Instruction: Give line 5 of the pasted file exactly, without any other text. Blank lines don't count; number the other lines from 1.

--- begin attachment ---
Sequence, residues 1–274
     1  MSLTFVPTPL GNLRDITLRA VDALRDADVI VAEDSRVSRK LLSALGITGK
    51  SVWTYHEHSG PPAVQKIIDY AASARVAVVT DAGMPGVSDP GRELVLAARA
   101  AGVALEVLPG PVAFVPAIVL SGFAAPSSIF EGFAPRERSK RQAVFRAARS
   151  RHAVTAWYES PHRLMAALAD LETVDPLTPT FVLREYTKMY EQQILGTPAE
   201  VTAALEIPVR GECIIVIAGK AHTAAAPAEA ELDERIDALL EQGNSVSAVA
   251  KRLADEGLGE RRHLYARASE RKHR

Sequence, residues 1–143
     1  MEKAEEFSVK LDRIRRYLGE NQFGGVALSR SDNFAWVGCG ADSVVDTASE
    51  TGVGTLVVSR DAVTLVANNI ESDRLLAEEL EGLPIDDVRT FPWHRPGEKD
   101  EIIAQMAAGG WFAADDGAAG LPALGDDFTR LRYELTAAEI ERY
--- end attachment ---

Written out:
   151  RHAVTAWYES PHRLMAALAD LETVDPLTPT FVLREYTKMY EQQILGTPAE